J. M. Berger recently wrote a piece about the origin of the word Bojinka. Bojinka was the name of a plot in which WTC bomber Ramzi Yousef, alleged 9/11 mastermind Khalid Shaikh Mohammed and others intended to attack Boeing airliners, most famously by blowing 11 or 12 up on their way to the US. There has been some speculation about the word’s origin, as it is thought to be Serbo-Croatian (KSM fought in Bosnia), but it is usually claimed that the word bojinka does not exist in that language.
I speak Czech, a Slavic language related to Serbo-Croatian, and in Czech “bojink” is an informal way of writing “Boeing.” Here is the somewhat complicated explanation: Czechs—and other Slavs—cannot pronounce “Boeing” properly for two reasons. First, the diphthong represented by “oe” in Boeing in unpronouncable to Czechs, as Slavic languages are poor in diphthongs and they can’t get their tongue around it. Therefore, “oe” is replaced by “oj”, the closest Czech equivalent, when people speak. Second, they can’t pronounce “g” at the end of a word, and they typically replace it with a “k”. Therefore, the aircraft company from Seattle is usually written “Boeing”, but pronounced “bojink”. You would never find it written as “bojink” in a formal document, but, when writing informally, the word could, and is, written “bojink”–some examples can even be found on the internet.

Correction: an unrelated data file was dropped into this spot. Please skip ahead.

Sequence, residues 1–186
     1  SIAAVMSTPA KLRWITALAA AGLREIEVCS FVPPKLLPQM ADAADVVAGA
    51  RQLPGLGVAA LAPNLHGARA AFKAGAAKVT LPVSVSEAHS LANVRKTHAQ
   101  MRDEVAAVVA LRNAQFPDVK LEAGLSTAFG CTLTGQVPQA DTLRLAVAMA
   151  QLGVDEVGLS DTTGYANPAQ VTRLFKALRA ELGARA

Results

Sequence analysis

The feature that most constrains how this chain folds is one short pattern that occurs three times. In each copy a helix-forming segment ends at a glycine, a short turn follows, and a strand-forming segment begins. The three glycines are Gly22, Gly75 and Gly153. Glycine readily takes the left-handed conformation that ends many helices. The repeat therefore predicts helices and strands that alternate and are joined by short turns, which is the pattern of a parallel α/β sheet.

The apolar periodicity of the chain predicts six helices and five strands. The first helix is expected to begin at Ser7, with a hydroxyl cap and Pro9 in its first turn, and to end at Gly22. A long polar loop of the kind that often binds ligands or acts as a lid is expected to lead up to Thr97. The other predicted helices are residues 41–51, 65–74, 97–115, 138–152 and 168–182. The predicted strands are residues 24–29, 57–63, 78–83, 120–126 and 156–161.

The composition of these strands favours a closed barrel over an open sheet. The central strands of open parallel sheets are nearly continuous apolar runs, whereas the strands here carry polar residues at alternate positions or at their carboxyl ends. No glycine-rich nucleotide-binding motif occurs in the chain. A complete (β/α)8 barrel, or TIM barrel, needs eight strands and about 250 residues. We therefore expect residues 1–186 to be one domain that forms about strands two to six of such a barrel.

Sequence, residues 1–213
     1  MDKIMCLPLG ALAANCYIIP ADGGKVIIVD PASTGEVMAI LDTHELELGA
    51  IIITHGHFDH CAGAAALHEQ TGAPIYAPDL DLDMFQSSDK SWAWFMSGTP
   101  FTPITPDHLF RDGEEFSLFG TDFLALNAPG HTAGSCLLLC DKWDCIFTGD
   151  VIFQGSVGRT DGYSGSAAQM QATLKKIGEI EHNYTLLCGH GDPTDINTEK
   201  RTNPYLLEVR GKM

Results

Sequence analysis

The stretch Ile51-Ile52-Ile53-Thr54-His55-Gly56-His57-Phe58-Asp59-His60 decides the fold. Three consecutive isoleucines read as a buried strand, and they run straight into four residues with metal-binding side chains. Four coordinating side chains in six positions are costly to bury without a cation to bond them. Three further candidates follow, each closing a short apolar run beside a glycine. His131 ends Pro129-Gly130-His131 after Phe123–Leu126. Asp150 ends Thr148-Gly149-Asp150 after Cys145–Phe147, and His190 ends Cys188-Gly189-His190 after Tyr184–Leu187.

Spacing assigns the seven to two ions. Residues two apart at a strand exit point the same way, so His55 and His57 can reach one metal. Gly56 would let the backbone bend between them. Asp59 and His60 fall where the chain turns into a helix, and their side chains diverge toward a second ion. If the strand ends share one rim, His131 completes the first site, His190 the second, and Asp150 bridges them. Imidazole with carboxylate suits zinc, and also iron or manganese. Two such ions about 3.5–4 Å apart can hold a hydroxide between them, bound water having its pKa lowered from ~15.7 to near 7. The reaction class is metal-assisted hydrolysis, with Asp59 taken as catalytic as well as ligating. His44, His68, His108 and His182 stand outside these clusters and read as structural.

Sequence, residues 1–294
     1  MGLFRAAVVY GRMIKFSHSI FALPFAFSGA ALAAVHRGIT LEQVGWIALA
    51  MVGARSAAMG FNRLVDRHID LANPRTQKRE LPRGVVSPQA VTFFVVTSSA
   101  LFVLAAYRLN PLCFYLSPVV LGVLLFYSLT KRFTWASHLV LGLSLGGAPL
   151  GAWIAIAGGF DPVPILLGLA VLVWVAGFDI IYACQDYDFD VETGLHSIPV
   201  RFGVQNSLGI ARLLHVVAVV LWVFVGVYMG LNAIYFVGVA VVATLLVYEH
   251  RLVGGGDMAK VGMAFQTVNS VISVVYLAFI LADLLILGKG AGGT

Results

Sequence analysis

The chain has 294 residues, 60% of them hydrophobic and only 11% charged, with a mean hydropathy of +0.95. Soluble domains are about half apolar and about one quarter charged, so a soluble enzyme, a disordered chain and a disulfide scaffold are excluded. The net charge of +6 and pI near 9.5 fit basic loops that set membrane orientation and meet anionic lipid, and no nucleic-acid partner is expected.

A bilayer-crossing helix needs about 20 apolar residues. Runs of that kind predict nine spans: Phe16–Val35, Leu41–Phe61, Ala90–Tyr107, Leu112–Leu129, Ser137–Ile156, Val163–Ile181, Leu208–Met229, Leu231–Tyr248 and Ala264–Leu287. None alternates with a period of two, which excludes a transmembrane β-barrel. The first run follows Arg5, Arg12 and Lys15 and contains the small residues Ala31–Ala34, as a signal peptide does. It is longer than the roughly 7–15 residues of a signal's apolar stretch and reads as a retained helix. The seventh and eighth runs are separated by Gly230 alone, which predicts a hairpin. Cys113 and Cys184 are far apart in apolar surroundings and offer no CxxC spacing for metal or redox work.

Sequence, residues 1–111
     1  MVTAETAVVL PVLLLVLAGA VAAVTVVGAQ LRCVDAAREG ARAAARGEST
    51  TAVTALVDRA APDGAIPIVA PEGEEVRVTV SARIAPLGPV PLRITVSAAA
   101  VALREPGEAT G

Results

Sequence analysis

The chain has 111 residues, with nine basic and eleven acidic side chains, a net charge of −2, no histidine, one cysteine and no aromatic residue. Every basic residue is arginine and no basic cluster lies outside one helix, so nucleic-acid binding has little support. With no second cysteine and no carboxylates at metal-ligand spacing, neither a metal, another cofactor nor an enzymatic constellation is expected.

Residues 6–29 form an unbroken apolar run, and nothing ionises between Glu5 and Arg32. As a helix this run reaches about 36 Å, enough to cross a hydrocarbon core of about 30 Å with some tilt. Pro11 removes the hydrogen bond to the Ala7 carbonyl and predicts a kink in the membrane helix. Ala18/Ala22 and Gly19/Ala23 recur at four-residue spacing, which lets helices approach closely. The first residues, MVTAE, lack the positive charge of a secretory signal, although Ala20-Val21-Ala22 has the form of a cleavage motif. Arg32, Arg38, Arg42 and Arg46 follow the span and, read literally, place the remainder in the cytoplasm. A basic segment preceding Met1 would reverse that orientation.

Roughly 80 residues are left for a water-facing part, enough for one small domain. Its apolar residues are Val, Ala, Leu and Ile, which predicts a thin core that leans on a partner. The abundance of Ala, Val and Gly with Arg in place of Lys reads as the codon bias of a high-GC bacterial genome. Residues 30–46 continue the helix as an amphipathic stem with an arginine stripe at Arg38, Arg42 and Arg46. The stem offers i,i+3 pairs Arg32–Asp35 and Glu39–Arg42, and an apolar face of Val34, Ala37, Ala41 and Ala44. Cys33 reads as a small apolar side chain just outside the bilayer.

I asked a couple of Bosnians about this, and they said that Serbo-Croatian speakers tended to pronounce “Boeing” as “bojink” and that if one wrote the word as it was pronounced by a Serbo-Croatian speaker then it would be written “bojink”.
So where does the “a” at the end of “bojinka” come from? Unlike English, Slavic languages are highly inflected and nouns change depending on various things, such as which verb proceeds them. The “a” could well indicate that the noun “bojink” is in a different case. One possibility is second case (genitive), which can be used to express the concept of “of”. (For example, when the Prague area of Žižkov is placed in second case, an “a” is added at the end, making it “Žižkova”, so “the major of Žižkov” would be “starosta Žižkova”.) According to this Serbo-Croatian grammar, an “a” is added at the end of some nouns to place them in a different case—genitive—in Serbo-Croatian (the example given at the last link is “dečak” [child], an “a” is added at the end to make it genitive, giving “dečaka”). This indicates that “bojinka” may mean “of a Boeing” in Serbo-Croatian.
However, there is a caveat we should add here: my Serbo-Croatian is not that hot and I don’t know whether an “a” added at the end of a masculine singular inanimate noun makes it genitive (or puts it into any case other than nominative). For example, it could just as easily be a “u” that should be added—giving “bojinku”–which is the way it is done in Czech. In addition, Berger and also the author Peter Lance asked Serbo-Croatian speakers about the word and they claimed it was not a word in Serbo-Croatian. My guess would be that the people they asked were thinking of formal words, whereas “bojink” is just a way of phonetically writing the word “Boeing” as it is pronounced, so it did not occur to the people they spoke to.
Having said that, “bojink” certainly does mean Boeing and having it in a plot involving Boeing aircraft is just too much of a coincidence for me. On the other hand, why the word would be in genitive beats me. Maybe Arab speakers were just having a problem getting their head round cases.